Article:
Understanding Group-based Learning in an Academic Context : Rwandan Students’ Reflections on Collaborative Writing and Peer Assessment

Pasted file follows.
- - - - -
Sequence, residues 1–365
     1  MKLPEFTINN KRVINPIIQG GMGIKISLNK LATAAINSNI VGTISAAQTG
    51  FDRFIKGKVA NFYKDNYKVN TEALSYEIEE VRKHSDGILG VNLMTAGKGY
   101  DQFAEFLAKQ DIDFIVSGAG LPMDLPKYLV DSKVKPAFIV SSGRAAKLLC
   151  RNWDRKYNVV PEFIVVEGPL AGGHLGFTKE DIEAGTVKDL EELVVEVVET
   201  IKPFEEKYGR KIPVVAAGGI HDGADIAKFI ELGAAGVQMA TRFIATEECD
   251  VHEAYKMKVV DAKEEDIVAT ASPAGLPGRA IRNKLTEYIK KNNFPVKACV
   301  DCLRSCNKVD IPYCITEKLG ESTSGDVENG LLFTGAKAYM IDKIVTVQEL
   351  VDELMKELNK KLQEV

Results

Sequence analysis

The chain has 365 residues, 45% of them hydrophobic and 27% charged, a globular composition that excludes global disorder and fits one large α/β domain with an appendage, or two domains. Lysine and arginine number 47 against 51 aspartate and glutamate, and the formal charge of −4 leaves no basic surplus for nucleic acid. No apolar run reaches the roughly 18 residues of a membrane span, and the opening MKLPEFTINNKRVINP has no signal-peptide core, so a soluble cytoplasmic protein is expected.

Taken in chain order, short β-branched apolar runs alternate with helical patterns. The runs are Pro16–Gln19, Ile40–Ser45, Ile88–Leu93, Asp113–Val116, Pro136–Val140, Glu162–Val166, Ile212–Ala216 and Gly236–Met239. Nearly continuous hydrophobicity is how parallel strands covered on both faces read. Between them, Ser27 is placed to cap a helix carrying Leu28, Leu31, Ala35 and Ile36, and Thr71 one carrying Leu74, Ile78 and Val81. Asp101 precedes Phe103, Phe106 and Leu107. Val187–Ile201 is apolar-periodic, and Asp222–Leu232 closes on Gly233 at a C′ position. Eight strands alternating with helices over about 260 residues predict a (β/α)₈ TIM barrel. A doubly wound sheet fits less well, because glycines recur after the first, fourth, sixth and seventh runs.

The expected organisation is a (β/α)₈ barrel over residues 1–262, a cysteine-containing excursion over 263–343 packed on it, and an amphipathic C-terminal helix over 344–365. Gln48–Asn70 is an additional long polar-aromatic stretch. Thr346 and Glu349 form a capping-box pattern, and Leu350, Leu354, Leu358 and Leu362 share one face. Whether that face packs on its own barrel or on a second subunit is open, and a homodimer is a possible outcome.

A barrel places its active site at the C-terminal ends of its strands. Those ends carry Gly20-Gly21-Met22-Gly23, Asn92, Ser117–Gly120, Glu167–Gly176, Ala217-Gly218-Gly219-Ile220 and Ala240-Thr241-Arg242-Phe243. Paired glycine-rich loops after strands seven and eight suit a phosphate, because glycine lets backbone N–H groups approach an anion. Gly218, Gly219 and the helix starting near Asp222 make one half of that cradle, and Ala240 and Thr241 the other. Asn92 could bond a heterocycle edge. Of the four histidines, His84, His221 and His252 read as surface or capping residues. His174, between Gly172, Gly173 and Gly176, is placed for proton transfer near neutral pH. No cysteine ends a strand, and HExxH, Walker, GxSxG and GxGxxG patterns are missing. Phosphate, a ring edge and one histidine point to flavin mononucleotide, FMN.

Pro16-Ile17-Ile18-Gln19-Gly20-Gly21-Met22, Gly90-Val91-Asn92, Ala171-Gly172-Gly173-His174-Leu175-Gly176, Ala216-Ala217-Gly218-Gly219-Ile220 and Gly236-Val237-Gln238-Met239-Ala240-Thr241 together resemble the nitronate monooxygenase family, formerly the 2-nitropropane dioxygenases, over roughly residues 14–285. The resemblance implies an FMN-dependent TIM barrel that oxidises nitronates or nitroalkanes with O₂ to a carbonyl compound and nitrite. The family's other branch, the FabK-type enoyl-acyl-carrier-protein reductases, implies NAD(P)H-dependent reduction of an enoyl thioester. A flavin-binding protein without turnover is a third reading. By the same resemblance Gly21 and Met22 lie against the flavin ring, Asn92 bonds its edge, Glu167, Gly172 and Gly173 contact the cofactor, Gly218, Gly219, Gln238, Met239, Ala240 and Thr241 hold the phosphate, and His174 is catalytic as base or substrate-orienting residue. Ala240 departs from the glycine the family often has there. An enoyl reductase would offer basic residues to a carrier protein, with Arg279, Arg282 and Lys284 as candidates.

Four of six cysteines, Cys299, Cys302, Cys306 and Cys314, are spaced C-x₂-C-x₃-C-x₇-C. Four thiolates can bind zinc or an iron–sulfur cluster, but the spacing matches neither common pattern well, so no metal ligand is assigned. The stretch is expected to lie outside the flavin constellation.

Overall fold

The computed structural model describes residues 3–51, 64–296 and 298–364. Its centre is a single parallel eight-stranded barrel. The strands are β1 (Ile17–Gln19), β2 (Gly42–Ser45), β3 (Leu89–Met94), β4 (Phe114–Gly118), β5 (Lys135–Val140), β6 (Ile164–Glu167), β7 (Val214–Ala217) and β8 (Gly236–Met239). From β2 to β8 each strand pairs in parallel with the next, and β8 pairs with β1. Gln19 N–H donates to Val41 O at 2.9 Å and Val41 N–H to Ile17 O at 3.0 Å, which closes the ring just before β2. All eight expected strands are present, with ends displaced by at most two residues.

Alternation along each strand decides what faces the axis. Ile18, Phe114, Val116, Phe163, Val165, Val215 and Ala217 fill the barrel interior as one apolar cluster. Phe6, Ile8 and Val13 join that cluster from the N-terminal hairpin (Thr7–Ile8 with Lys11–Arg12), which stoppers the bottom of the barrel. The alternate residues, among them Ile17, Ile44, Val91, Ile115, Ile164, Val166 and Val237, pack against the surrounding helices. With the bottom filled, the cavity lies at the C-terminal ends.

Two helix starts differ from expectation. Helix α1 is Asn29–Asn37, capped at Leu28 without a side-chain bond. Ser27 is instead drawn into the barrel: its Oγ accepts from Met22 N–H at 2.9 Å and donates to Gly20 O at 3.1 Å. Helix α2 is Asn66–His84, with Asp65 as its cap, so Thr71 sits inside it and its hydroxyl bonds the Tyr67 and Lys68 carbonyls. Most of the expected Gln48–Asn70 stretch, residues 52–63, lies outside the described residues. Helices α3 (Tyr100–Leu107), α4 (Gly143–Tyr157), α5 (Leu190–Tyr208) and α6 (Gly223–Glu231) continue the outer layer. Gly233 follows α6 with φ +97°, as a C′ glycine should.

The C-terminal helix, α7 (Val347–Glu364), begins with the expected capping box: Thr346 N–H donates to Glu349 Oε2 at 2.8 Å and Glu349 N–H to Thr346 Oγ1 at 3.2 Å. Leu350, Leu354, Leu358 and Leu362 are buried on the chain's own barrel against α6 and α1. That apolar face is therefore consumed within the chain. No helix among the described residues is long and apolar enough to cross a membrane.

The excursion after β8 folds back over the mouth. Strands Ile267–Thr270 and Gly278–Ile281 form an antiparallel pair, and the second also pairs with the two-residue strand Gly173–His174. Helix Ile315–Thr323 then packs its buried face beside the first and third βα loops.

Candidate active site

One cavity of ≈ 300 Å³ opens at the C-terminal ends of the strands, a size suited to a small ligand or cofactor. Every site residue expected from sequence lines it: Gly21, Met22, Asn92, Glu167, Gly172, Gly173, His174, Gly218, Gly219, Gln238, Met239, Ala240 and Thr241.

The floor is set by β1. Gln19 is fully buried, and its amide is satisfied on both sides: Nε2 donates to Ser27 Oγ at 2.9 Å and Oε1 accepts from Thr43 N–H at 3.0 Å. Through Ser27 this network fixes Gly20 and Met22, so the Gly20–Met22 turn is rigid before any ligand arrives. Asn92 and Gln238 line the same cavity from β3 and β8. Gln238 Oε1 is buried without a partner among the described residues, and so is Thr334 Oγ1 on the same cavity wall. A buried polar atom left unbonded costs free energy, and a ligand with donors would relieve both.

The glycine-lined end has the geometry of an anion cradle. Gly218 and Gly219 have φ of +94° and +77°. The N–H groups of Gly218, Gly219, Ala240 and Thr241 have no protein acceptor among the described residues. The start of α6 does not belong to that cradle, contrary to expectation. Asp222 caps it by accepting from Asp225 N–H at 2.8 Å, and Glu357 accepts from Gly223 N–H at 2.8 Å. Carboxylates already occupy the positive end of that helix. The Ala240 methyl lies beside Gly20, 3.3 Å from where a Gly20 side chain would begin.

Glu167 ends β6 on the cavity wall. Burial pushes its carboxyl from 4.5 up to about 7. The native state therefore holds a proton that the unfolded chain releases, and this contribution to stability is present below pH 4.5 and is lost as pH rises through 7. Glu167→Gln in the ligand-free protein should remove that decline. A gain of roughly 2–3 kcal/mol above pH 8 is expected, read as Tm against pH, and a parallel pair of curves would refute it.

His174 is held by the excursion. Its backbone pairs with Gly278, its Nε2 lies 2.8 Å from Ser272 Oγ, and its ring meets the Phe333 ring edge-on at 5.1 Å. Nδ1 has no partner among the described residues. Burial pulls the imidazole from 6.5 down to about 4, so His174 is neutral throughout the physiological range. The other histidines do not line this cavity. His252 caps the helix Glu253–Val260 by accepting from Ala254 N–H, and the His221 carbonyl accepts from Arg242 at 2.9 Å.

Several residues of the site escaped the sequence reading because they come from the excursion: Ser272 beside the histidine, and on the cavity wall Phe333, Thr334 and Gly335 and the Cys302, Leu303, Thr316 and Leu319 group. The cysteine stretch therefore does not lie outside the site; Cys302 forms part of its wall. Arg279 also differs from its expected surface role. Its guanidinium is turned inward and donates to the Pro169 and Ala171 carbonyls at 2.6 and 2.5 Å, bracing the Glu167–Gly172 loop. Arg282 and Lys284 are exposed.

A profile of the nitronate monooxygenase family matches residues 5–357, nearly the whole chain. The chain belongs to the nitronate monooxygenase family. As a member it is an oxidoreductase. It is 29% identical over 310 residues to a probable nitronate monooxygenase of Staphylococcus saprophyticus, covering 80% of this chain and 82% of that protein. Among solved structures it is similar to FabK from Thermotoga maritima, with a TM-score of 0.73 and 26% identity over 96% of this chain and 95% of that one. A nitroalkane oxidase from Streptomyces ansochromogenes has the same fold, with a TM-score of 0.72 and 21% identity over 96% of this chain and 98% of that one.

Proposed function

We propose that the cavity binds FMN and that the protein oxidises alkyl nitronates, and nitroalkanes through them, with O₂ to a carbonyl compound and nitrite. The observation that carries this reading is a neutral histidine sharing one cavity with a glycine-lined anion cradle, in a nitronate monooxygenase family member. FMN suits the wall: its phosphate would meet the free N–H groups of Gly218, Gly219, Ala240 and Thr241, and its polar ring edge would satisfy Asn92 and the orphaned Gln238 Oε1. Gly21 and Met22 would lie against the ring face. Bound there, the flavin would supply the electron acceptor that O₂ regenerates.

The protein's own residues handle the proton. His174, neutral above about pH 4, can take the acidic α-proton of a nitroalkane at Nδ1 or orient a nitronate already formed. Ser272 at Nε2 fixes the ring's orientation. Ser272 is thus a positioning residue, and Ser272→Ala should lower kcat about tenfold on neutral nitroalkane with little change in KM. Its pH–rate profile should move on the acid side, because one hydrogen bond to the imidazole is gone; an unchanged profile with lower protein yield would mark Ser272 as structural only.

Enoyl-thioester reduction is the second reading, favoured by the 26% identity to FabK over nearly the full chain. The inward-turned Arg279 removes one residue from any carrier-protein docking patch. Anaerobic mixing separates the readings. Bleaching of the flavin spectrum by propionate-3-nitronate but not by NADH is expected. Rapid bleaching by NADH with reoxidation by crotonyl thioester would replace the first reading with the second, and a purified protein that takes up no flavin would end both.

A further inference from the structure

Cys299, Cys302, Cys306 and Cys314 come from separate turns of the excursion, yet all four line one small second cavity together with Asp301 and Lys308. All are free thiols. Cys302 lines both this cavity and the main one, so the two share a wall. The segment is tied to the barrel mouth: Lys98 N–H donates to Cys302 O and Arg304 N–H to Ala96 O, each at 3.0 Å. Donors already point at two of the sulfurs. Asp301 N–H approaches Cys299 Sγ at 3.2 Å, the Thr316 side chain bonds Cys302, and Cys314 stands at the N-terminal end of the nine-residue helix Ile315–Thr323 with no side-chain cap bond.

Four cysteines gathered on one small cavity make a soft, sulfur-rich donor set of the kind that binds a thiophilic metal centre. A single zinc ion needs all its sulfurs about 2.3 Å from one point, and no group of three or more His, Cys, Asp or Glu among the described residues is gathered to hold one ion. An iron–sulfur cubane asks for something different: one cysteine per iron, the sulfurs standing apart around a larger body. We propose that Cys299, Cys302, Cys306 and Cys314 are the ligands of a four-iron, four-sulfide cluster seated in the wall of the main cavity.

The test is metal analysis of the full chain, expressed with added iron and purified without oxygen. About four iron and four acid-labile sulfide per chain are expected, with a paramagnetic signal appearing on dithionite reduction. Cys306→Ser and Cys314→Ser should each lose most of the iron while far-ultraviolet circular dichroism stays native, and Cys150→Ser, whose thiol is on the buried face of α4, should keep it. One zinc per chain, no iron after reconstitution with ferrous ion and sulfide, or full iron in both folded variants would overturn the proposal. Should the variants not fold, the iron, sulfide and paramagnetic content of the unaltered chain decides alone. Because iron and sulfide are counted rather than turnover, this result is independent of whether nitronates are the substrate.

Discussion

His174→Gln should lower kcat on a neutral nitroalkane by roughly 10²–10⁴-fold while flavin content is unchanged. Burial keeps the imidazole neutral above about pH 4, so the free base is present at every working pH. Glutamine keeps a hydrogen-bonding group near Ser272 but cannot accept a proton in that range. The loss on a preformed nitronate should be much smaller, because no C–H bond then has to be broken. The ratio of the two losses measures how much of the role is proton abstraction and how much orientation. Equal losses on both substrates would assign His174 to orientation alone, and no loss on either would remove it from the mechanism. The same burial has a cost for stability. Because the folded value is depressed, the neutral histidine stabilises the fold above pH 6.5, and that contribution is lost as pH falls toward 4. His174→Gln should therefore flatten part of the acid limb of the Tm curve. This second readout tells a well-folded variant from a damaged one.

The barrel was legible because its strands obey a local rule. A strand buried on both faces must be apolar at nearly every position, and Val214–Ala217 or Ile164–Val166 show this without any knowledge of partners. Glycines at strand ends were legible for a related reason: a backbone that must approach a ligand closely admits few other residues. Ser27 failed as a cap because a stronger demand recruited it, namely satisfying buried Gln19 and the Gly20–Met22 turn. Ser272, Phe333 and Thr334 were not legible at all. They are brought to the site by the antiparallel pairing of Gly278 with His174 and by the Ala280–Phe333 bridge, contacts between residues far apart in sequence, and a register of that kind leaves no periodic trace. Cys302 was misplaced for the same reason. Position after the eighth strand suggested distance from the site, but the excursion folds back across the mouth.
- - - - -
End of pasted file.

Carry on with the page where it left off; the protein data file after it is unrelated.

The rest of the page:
Abstract: The overarching aim of the present thesis is to gain knowledge about how Rwandan university students understand and practice group-based learning. Specifically, this research takes a social constructivist perspective when examining how second year students within the area of Modern Languages reflect on collaborative writing and peer assessment as means to promote academic writing and active learning. Four studies make up this research. Thus, Study I examines how students carry out self-directed group work in writing. Study II investigates how instructor-guided writing groups can help promote students’ collaborative learning. Study III explores in what ways process writing as instruction method can help develop students’ academic writing abilities and Study IV focuses on how students experience peer assessment and peer feedback on group writing. The data, which are qualitative, were collected by means of interviews carried out with groups of students. The findings show that students perceive and conduct group-based learning in different ways, which can impact the quality of their learning. Also, based on initial support and guidance from the course instructor, most students acknowledged having been able to take stock of their common writing abilities and understand in what ways peer assessment and peer feedback can help them improve, and thus enrich their learning. A few students considered the common writing process time consuming though. In conclusion, some strategies are suggested to further improve group-based learning.
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